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Raising to Drive Out Worse Hands
When Your Own May Be Second Best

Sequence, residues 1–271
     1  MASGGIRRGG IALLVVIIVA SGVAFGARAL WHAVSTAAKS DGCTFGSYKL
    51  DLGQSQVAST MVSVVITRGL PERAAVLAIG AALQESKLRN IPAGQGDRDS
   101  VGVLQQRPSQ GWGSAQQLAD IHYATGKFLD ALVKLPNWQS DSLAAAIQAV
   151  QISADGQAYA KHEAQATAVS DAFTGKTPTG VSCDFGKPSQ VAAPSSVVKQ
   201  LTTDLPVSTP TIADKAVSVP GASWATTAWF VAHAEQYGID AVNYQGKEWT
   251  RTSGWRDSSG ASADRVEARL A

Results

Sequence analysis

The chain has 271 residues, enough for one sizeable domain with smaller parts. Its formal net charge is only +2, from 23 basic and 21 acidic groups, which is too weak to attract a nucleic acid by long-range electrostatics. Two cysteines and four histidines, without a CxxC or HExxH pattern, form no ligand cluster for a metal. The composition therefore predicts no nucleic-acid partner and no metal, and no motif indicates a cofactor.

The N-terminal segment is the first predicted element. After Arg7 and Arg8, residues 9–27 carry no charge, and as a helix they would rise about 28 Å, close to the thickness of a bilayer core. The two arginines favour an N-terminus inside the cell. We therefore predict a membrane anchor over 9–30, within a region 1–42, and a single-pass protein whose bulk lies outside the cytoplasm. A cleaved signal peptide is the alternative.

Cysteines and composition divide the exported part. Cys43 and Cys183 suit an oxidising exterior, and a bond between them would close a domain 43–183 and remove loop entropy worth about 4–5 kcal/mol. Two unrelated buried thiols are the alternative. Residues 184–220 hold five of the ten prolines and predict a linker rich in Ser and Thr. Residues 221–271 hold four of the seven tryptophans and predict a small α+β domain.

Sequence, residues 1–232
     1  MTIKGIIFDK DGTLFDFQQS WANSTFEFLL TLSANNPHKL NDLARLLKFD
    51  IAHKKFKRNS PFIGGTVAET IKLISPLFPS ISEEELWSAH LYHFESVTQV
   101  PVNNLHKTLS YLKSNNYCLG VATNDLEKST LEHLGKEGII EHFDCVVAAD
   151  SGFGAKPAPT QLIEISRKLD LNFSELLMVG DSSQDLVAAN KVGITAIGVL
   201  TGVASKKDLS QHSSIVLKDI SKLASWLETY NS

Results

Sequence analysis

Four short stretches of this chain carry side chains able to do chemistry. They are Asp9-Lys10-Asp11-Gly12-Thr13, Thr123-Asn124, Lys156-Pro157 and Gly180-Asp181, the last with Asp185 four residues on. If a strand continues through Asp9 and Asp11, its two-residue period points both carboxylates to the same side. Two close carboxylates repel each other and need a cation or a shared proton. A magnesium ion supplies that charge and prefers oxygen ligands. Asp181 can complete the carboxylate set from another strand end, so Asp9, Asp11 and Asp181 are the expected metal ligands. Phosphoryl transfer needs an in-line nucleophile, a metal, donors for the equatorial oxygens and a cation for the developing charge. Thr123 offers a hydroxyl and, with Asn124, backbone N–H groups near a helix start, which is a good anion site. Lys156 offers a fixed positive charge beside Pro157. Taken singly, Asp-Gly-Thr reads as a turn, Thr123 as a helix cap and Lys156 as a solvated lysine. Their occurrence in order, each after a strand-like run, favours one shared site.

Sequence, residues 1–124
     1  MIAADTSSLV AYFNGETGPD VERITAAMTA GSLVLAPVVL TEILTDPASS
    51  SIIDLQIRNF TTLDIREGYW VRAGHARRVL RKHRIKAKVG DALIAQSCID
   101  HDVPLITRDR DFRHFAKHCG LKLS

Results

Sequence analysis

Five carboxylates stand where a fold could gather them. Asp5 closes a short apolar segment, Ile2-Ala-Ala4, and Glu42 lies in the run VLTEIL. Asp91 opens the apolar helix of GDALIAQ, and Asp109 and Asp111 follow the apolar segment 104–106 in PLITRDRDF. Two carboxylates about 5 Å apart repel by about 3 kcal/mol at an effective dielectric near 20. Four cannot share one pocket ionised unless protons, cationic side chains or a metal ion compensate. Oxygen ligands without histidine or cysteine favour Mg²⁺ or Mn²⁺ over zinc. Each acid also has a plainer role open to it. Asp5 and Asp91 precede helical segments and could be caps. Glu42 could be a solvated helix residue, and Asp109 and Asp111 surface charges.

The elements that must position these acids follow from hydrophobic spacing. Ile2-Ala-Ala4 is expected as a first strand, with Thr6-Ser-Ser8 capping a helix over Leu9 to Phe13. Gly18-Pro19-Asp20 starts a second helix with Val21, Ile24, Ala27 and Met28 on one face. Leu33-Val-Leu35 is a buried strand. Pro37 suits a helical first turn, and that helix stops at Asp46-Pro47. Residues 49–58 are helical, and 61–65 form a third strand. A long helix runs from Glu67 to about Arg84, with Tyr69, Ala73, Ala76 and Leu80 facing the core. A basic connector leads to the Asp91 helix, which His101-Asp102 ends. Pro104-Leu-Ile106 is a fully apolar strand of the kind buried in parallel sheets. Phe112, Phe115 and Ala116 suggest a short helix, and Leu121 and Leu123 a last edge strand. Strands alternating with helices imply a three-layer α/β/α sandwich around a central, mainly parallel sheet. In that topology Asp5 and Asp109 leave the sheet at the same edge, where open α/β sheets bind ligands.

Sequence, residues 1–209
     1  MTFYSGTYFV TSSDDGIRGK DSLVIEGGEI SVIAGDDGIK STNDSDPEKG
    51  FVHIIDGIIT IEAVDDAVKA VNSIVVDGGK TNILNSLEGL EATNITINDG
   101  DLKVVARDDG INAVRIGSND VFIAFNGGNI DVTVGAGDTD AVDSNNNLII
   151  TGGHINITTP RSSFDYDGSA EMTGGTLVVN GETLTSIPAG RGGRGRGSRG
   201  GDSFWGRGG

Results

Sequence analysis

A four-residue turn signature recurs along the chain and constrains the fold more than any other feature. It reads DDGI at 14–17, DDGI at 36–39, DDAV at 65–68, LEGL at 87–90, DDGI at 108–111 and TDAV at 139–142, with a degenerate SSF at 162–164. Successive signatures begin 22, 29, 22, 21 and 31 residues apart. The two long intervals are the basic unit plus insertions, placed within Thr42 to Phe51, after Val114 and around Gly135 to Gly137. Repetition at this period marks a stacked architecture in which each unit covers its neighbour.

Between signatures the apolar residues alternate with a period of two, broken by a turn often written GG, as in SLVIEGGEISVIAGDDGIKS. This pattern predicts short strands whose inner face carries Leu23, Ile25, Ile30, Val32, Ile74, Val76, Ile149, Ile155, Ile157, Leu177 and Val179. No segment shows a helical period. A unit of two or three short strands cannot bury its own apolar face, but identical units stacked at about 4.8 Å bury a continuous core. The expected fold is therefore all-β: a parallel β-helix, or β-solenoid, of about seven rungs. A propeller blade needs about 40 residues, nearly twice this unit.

Depending on the size of the pot and your assessment of your own and your opponents' hands, it may be correct to raise with what you believe may be the second-best hand if you can get the third-, fourth- and fifth-best hands out. The reasons for this play were suggested in an earlier page. If, for instance, the bettor has a 50 percent chance of winning the pot, you have a 30 percent chance, and two other hands each have a 10 percent chance, you improve your chances by driving those two worst hands out with a raise. Now the best hand may have a 60 percent chance of winning, but you've improved your own chances to 40 percent. In seven stud you may, for instance, have two kings against a probable two small pair. Two other players behind you appear to be drawing to straights. By raising them out, you almost surely win when you improve to kings up and may win when it turns out your single opponent had only one pair and, say, a flush draw. However, if the straight draws stay in, you may lose with kings up against an unimproved two pair when one of the straights gets there.

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